CIBC’s Run for the Cure 20th run in Victoria kicks off with opening ceremonies at 8:30 a.m. at UVic on Sunday

CIBC’s Run for the Cure 20th run in Victoria kicks off with opening ceremonies at 8:30 a.m. at UVic on Sunday

Run for mum, ride for refuge

Socially active charity events CIBC Run for the Cure and Ride for Refuge happening in Saanich this weekend

NOTE: The Friday (Oct. 3) issue of the Saanich News erroneously published the CIBC Run for the Cure as Saturday, when it is in fact Sunday, Oct. 5, at 9 a.m. The News regrets the error.

There’s a new charity event planting itself into Victoria’s socially active calendar and the community response is strong.

The Ride for Refuge cycling event offers distances of 10, 25 and 50 kilometres, launching at 9 a.m. from the Saanich Community Church, 4566 West Saanich Rd. and returning to the same location on Saturday (Oct. 4).

With more than 260 riders on 44 teams (and more expected this weekend) it’s a solid Victoria debut for the national ride, the same weekend as the well-established CIBC Run for the Cure, celebrating its 20th birthday in Victoria.

“Our goal for the Ride for Refuge was to raise $40,000 and we’re already over $52,000 (as of Wednesday), so we’re just amazed at the response with 91 volunteers stepping in to help,” said Shelley Morris, CEO of the Cridge Centre for the Family, the host partner and organizer of Ride for Refuge in Victoria.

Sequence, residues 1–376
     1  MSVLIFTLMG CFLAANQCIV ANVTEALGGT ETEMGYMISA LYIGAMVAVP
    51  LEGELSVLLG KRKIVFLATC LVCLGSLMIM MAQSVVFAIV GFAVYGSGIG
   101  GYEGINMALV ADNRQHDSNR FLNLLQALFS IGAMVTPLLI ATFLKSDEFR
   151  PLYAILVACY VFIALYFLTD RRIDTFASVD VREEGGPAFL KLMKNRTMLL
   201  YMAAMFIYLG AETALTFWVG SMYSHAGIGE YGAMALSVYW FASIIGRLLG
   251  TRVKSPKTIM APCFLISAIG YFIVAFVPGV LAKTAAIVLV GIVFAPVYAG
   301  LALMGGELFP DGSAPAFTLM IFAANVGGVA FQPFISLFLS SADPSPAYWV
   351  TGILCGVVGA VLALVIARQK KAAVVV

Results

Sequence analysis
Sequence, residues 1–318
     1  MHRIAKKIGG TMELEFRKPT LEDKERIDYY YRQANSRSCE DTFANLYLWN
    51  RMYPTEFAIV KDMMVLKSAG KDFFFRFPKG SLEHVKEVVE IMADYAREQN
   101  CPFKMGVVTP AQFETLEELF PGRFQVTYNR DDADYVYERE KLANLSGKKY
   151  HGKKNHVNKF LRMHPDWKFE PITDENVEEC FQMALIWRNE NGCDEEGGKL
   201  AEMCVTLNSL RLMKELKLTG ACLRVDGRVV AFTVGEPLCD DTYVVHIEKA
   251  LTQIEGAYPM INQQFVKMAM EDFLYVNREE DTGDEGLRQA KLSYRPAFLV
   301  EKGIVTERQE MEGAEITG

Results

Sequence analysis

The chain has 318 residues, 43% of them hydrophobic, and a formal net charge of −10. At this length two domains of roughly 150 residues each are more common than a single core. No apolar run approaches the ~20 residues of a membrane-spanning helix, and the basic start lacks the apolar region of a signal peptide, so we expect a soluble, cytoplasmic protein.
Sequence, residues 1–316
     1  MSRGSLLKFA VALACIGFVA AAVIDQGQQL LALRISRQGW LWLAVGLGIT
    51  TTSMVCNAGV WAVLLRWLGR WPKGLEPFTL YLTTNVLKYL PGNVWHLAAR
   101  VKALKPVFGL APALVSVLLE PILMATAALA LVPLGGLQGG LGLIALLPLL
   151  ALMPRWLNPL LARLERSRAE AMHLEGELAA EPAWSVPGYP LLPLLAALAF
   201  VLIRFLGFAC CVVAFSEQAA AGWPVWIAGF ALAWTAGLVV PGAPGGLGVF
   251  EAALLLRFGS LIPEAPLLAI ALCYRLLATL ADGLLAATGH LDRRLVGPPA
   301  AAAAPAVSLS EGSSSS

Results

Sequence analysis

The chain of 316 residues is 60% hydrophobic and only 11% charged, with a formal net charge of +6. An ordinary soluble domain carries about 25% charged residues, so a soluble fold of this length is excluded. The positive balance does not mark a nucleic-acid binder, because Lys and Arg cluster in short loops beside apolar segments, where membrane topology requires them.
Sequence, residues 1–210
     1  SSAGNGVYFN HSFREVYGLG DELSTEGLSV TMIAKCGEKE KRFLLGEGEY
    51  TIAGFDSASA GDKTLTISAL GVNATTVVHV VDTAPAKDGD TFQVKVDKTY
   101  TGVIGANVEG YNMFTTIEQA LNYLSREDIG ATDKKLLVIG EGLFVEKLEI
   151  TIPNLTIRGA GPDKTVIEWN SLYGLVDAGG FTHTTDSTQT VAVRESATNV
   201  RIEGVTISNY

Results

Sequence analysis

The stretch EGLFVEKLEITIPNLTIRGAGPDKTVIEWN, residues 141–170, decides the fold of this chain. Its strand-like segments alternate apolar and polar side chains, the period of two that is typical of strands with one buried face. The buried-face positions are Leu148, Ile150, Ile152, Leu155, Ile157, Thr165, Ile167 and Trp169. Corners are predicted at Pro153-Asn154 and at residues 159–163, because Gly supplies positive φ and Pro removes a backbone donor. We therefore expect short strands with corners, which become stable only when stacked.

The ride is a different charity event model as it benefits 217 registered charities across Canada. Eight of those are from Victoria, including Cridge, which is on target to hit its own goal of $25,000.

Meanwhile at UVic on Sunday (Oct. 5), CIBC Run for the Cure organizers expect more than 2,800 to partake in the 5-km run around Ring Road.

The inclusive race also offers a 1-km route and is open to strollers, rollerblades and other options.

“We’re still growing. Other Run for the Cure locations in Canada have tried chip timing in different locations and we feel it’s not what we’re after. If people want, they can do the 5-km twice,” said Mandy Kandola, the volunteer co-director, who’s been with the event since 2011.

“The majority of our runners have been impacted by breast cancer one way or another,” Kandola said.

– One in nine Canadian women is expected to develop breast cancer

– CIBC Run for the Cure has raised $7.96 million in Victoria since 1994

reporter@saanichnews.com

 

 

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